The world can be a pretty nasty and unpredictable place. It is clear that the last 50 years have brought more attention to creating freer and fairer trade. Enforcement of previous agreements, the growing number of free trade agreements, and the resolution of the Doha Round all portend a sanguine future for trade. Because the future promises freer trade does not, however, tell the business planner enough.

A sanguine future suggests a trend but one should continue to expect uneven progress over time and over place. A step backwards is sometimes necessary to move forward. At the root of some of the uncertainty is war and security. The Iraq War and the War on Terror create strains between Moslem and Judeo-Christian countries. They also produced tensions among countries within these “camps”. For example, long-standing trade disputes and differences between the U.S. and Europe have not been ameliorated by their different stances on Iraq.

But even without such extreme security problems there will continue to be local and regional issues that work against the expansion of free trade. We began this note by pointing out how capitalism combines creation with destruction. While we are pleased by the benefits that accrue from the winners’ actions, we can’t avoid the fact that change involves displacement – loss of jobs and income. Every country and every democratic government within each country must resolve these issues or the political process will make expansion of free trade more difficult. The U.S. and the French want to protect their farmers and low-income workers. China cannot turn its back on millions of workers furloughed from closed government enterprises. Brazil’s poor demand better treatment.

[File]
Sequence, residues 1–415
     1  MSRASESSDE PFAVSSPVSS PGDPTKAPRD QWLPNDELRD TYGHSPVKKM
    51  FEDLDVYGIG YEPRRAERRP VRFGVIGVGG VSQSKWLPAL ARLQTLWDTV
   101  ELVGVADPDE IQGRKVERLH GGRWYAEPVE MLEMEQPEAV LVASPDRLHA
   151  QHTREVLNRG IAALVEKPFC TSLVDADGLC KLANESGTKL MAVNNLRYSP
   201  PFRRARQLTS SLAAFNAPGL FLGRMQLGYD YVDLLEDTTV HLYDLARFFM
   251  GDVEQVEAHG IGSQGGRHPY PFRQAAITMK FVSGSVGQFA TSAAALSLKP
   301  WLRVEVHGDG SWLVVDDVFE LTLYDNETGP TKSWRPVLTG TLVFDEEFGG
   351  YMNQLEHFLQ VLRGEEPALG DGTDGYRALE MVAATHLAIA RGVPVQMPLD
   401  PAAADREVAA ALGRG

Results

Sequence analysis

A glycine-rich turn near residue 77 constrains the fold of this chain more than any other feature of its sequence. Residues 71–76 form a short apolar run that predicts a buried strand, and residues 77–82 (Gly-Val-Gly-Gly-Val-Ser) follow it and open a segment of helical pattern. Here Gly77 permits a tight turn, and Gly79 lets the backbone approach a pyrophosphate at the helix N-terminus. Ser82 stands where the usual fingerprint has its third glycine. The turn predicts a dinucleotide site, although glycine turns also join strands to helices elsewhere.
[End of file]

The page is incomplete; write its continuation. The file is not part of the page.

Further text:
This all means that business executives have wide information nets to cast. The world economy promises ever larger rewards for companies that take advantage of its growth and change. But the latter won’t announce themselves with blaring horns. The changes will arise abruptly and unexpectedly over time and over space. As in most phenomena, the degree to which these changes are unexpected depends upon how much one invests in learning. Those who pay attention to global economic and business changes will be the ones that best take advantage of the spoils.